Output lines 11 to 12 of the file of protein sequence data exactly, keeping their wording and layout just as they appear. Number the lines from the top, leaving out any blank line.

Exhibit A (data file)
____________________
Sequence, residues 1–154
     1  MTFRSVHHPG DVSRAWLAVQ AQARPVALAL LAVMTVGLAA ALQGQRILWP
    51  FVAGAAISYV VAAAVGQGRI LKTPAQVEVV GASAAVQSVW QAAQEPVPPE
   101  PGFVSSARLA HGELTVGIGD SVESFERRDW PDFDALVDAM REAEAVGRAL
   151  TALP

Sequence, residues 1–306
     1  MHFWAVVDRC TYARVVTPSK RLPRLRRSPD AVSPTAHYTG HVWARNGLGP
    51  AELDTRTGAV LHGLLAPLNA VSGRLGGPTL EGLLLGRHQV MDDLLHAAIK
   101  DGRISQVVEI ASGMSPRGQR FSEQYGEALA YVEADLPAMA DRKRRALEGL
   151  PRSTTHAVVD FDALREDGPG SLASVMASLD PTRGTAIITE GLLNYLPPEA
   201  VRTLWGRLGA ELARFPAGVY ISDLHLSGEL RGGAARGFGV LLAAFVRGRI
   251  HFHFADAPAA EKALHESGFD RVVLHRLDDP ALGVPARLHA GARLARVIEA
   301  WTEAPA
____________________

   201  VRTLWGRLGA ELARFPAGVY ISDLHLSGEL RGGAARGFGV LLAAFVRGRI
   251  HFHFADAPAA EKALHESGFD RVVLHRLDDP ALGVPARLHA GARLARVIEA